January 29, 2020 • Life for Leaders
Take the helmet of salvation and the sword of the Spirit, which is the word of God. And pray in the Spirit on all occasions with all kinds of prayers and requests. With this in mind, be alert and always keep on praying for all the Lord’s people.
In one of my grad school seminars, we carefully studied Ephesians 6:10-20. My professor, a brilliant, world-renowned scholar, believed that this passage commends a purely passive approach to spiritual warfare. He argued that all of the armor in 6:10-20 is defensive, even the sword. “What do we do when we put on the armor?” he asked one day in class. “Nothing! We just stand there. Standing firm is what we do. That’s how we fight.”
At this point I raised my hand nervously. “I have to disagree,” I said. “There is something more for us to do here, something vital. Verse 18, as you know, is not separate from the armor passage. It is all part of the same argument, the same sentence beginning in verse 17. So when we have put on the armor, we don’t just stand there passively. We do something active. We pray. We pray with all kinds of prayer, all the time, for all people. Prayer is how we fight.”
When I finished my comment, the room was quiet, filled with tension because I had so plainly disagreed with my professor. He looked at me intensely and stroked his chin thoughtfully. “You may be right,” he said finally. “I haven’t seen that before.” On the outside I appeared to take his positive response in stride. Inwardly, I was cheering. I had not made a fool of myself. I might even have helped my professor to see Ephesians 6 in a new way.
Most translations of Ephesians make it difficult for anyone to see the necessary connection between God’s armor and prayer. English translations begin a new sentence with verse 18 (. . . which is the word of God. And pray in the Spirit . . . ). Most, like the NIV, even start a new paragraph with verse 18. But the original Greek of this passage reads quite differently. A more literal translation would be, “Take the helmet of salvation and the sword of the Spirit . . . praying in the Spirit at all times.” The Greek participle meaning “praying” is dependent grammatically on the imperative “take.” In other words, once you’ve put on the armor of God, here’s what you do: Pray! You pray often. You pray in all sorts of ways. That’s how you fight the battle when wearing God’s armor.
In future devotions we’ll examine in detail exactly what Ephesians 6:18-20 teaches us about prayer. We learn more about how exactly we’re to fight in God’s battle. For now, I simply want to underscore the truth of this passage—a truth often ignored. Once we have put on the armor of God, we have a clear battle strategy. We have our marching orders. We are to pray. And pray. And pray.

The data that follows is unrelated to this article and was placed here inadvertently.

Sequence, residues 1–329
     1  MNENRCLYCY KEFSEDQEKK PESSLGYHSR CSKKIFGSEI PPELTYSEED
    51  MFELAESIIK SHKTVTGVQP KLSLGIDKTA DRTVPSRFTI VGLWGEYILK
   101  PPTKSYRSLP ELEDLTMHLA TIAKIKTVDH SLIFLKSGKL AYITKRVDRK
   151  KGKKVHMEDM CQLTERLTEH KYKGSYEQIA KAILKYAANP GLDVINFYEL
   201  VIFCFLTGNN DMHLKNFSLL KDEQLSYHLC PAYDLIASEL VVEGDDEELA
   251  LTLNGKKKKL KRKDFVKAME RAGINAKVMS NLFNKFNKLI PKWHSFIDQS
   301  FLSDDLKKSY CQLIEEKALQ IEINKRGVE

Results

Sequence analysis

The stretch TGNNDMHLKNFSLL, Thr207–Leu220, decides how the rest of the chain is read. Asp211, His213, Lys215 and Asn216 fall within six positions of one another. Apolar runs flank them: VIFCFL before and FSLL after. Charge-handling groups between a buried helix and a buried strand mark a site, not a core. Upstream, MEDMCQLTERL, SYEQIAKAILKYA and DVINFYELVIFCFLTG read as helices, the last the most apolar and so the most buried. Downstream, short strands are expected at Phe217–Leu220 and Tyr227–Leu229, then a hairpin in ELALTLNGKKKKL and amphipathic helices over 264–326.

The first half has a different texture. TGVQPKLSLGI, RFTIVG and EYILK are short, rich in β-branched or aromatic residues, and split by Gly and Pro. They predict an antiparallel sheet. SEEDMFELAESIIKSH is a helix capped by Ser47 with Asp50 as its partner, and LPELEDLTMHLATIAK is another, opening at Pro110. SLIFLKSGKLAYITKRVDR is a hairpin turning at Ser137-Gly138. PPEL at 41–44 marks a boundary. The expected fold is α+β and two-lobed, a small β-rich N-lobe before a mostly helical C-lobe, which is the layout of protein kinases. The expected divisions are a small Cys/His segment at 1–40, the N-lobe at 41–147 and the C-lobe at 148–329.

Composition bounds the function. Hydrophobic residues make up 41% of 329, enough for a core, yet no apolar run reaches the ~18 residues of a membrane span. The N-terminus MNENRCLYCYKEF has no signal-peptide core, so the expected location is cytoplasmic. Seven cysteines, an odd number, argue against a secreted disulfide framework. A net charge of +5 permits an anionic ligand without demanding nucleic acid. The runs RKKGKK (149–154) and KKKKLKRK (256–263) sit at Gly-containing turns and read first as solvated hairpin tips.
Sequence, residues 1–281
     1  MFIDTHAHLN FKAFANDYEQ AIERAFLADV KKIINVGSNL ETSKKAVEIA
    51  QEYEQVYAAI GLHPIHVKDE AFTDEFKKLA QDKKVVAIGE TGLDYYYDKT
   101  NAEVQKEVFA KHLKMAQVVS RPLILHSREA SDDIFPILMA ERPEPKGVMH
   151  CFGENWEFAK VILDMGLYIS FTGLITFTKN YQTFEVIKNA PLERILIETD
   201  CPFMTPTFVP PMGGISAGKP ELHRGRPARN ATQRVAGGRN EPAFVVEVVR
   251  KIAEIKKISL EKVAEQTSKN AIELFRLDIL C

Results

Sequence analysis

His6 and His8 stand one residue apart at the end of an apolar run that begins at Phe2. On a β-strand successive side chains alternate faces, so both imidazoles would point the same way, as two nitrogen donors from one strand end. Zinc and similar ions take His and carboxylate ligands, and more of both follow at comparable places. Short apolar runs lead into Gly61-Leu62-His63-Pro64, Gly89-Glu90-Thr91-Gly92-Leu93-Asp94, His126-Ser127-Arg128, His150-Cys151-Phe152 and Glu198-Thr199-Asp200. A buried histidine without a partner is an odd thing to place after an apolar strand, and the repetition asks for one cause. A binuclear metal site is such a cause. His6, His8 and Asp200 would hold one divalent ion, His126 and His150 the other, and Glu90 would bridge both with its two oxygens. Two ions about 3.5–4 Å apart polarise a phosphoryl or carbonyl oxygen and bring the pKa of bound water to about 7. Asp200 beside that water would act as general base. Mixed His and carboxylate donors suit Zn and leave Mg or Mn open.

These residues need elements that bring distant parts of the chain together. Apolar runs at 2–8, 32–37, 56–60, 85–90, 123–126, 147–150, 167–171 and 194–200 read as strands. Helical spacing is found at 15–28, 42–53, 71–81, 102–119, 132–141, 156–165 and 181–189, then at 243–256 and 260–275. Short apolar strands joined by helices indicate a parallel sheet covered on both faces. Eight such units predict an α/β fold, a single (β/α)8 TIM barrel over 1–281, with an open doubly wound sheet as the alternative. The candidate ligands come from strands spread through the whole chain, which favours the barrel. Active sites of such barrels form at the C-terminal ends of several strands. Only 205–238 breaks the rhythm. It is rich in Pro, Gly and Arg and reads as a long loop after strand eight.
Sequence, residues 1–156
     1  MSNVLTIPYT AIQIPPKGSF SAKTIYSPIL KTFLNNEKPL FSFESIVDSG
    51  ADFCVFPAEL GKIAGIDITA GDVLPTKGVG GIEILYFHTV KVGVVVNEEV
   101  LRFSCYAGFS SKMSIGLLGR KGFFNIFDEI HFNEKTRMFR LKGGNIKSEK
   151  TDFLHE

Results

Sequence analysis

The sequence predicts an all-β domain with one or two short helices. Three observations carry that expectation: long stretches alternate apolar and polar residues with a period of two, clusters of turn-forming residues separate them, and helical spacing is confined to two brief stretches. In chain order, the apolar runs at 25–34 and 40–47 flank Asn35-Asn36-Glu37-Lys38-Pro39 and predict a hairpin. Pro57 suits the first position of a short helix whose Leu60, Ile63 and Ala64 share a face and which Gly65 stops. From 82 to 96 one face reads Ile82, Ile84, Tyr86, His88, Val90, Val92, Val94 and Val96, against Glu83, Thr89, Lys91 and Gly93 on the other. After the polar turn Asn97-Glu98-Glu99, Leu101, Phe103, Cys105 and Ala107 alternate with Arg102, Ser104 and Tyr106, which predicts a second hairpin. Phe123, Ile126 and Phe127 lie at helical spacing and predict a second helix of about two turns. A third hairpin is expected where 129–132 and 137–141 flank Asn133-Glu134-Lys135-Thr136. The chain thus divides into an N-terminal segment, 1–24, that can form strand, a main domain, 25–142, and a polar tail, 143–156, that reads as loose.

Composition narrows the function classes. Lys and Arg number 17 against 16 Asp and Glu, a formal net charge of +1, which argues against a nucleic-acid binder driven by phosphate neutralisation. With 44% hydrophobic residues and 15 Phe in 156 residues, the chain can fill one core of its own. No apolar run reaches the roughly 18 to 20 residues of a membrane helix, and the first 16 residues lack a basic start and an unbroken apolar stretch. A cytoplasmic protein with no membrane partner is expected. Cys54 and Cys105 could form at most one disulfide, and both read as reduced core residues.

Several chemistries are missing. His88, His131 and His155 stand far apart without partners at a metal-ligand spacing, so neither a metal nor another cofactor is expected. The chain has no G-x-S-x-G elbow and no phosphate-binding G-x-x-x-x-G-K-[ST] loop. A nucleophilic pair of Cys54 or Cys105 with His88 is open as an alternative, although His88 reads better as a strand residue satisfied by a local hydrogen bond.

Something to Think About:
How does your understanding of this passage from Ephesians change when you realize that verse 18 is not a separate sentence or paragraph, but is a connected part of what has gone before?
How does thinking about prayer as spiritual warfare impress you?
Something to Do:
Since prayer is so important for spiritual warfare, make a commitment to add an additional time of prayer to your spiritual disciplines this week.
Gracious God, well, now I’m fighting! At least that’s the implication of what I have learned today from Ephesians. What I’m doing right now doesn’t seem like warfare. It seems more like a conversation. But I take seriously what Ephesians teaches. Help me to learn to see prayer more truthfully and fully. And, dear Lord, help me to pray. Teach me to pray! Amen.
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Dr. Mark D. Roberts is a Senior Strategist for Fuller’s Max De Pree Center for Leadership, where he focuses on the spiritual development and thriving of leaders. He is the principal writer of the daily devotional, Life for Leaders, and the founder of the De Pree Center’s Flourishing in the Third Third of Life Initiative. Previously, Mark was the Executive Director of the De Pree Center, the lead pastor of a church in Southern California, and the Senior Director of Laity Lodge in Texas. He has written eight books, dozens of articles, and over 2,500 devotions that help people discover the difference God makes in their daily life and leadership. With a Ph.D. in New Testament from Harvard, Mark teaches at Fuller Seminary, most recently in his D.Min. cohort on “Faith, Work, Economics, and Vocation.” Mark is married to Linda, a marriage and family counselor, spiritual director, and executive coach. Their two grown children are educators on the high school and college level.